How Will Inventory Management and Credit Availability Intersect?
In early July FMG discussed inventory stresses and the liquidity and working capital risks inventory stresses bring. We identified the dollar impact on liquidity and asset-based lending availability created by the transition to higher inventory levels coupled with increased unit costs, stress on appraised values, and stress on line of credit structures.
Companies have replaced just in time inventory approaches with higher inventory levels to offset the supply chain problems. In addition to building inventory quantity levels, the per unit value of the inventory has been increasing as evidenced by inflation at 40 year highs. At the same time companies are experiencing higher levels of inventory and lessening of supply chain problems, the buying decisions of consumers are changing as inflation takes a toll and businesses return to more normal work schedules.
Over the last 30 days there has been an increase in the number of consumer and small business internet searches related to credit needs.
The search for “Small business loans for bad credit” was up 90%.
The search for “How to apply for a business credit card” was up 90%.
The search for “PayPal business credit card” was up 90%.
The search for “How to get a business loan with bad credit” was up 80%.
This tells us that business owners are feeling the liquidity pressures that we have been discussing the last few months, and the concerns about access to cash are increasing.
When Walmart, Target, Home Depot, Lowe’s and other big box retailers reported Q2 earnings in August of 2022 it became clear that consumer preferences were changing to basic goods – food and essentials. When compared to a year ago, consumers were slowing down purchasing of furniture and electronics.
The supply chain issues of 2021 meant that suppliers to the big box retailers and the retailers themselves, bulked up their purchase quantities and in many cases substituted products, including less desirable products, to ensure shelves were full.
Now the inventory is at risk of being excess and undesirable.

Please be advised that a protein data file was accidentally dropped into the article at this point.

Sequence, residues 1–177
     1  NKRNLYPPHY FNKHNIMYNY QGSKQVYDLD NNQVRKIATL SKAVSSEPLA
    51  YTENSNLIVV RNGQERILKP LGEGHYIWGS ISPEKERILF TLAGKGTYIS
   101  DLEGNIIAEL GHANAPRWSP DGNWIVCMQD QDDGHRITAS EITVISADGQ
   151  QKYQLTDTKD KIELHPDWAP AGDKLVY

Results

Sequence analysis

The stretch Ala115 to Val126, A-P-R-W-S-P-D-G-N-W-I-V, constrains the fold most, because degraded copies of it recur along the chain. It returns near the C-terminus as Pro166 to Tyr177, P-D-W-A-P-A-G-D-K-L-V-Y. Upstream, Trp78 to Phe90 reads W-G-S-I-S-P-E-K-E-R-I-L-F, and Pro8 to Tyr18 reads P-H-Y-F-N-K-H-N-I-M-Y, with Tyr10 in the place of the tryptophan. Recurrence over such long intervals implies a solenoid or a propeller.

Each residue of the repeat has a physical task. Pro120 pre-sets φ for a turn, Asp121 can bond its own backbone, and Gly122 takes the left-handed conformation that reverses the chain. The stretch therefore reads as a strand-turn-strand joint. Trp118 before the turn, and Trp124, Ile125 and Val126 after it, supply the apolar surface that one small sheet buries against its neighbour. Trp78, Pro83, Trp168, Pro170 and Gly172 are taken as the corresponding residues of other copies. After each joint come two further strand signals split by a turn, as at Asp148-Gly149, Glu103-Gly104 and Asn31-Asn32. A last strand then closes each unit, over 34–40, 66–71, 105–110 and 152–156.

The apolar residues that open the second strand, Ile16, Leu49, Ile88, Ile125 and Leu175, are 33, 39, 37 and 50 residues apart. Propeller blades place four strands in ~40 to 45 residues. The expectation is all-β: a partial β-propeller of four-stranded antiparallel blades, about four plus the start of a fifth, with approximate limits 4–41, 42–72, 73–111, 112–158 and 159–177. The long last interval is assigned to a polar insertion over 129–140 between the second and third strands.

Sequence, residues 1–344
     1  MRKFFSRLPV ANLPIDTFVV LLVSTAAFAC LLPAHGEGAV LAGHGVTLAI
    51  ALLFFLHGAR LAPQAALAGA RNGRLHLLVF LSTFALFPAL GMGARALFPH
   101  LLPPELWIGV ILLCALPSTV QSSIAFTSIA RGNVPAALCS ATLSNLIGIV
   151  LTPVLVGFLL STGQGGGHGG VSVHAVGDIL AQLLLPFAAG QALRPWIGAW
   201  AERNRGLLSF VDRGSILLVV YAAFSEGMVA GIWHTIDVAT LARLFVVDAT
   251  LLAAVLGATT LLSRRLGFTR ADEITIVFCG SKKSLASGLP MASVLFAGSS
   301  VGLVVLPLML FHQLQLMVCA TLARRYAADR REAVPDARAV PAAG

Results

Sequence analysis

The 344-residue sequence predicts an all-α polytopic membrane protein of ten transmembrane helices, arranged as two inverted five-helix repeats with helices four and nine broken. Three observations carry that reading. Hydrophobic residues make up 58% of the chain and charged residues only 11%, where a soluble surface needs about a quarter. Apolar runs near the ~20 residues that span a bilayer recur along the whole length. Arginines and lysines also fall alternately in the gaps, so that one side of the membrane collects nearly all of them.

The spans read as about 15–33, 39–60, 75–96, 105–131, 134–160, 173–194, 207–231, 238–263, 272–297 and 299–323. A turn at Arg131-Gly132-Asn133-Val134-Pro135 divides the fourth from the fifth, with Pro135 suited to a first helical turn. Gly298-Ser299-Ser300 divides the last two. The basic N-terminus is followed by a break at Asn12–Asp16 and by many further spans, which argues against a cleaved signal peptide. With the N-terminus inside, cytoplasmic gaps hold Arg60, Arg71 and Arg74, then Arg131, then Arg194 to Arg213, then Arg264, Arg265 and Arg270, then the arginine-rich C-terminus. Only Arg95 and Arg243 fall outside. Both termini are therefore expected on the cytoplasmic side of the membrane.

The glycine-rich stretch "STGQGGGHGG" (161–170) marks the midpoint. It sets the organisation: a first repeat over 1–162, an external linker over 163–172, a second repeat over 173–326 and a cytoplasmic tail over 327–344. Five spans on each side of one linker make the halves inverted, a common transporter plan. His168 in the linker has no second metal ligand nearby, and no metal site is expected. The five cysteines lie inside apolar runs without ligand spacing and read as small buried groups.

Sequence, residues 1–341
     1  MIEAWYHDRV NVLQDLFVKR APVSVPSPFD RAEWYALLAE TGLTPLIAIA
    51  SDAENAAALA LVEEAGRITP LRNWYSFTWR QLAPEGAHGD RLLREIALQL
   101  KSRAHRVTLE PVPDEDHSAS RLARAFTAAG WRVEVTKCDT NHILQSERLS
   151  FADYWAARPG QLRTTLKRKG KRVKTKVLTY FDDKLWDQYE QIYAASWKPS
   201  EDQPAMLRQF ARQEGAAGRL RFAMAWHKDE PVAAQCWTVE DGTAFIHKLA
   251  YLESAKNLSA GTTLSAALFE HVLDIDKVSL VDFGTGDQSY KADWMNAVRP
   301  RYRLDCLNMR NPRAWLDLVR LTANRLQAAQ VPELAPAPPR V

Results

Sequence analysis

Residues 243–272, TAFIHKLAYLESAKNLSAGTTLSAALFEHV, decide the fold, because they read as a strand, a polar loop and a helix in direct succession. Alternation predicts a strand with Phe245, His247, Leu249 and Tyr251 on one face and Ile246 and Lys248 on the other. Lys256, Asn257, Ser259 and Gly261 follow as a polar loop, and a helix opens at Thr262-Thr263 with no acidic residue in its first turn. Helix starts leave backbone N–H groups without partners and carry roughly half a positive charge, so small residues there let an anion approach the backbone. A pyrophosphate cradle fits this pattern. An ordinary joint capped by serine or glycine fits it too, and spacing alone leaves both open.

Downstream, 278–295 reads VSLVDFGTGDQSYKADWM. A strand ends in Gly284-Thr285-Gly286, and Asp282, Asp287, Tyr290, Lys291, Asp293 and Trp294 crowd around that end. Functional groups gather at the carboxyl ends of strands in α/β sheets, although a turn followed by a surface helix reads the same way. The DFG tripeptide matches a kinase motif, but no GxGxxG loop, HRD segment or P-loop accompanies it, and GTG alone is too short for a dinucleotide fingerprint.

Using the quarterly reports of Walmart, Home Depot, Target and Lowe’s, Bloomberg published these graphs of inventory levels from Q1 2021 through expectations for Q1 2023.
Walmart reported that it has cancelled billions of dollars in orders and slashed prices in certain categories, for example apparel. Walmart’s head of US operations stated that it will take the company a few more months to work through the backlog of inventory and orders.
Target believes they have dealt with the inventory problems but reducing inventory levels meant the company’s earnings were below analyst estimates, and the stock price was impacted as earnings missed expectations.
The experiences of the large retailers are also occurring at smaller retailers and are impacting liquidity for businesses that are reliant on ABL structures. Inventory is aging out past eligibility, SKU turnover times are increasing past eligibility, and inventory is staying in stock longer which pushes against inventory caps.
Retailers are the tip of the impact of changing consumers demands. Distributors of products are experiencing significant liquidity stresses right now. In many cases distributors were unable to acquire needed product in 2020 and 2021, which pushed the distributors to purchase more product in late 2021 and 2022, and to make changes to the products purchased to ensure they had a variety of products to ship to their customers. We have seen small businesses with more than a one year supply of product on hand. We have seen distributors saddled with product big box stores will not be buying until the next annual selling season. We have seen businesses with warehouses full of product that is no longer desirable.
Appraisals are beginning to come in at lower NLV (net liquidation value) and OLV (orderly liquidation value) levels that those appraisals of the same assets that occurred a year or two ago.
This is translating to companies running out of cash. Applying reduced advance rates, or implementing existing turnover or aging criteria, or applying caps on line outstandings tied to inventory are all combining to create over advances for companies and their lenders. In some situations, equity may be able to bridge the gap to the next selling season, or to allow the company to work through the excess inventory.
But, in many cases inventory needs to be reduced to generate cash, even if that cash is less than originally expected. As businesses look to changing consumer demands caused by inflationary pressures, it may be time to convert inventory to cash and realign inventory levels and components of inventory with this changing consumer demand.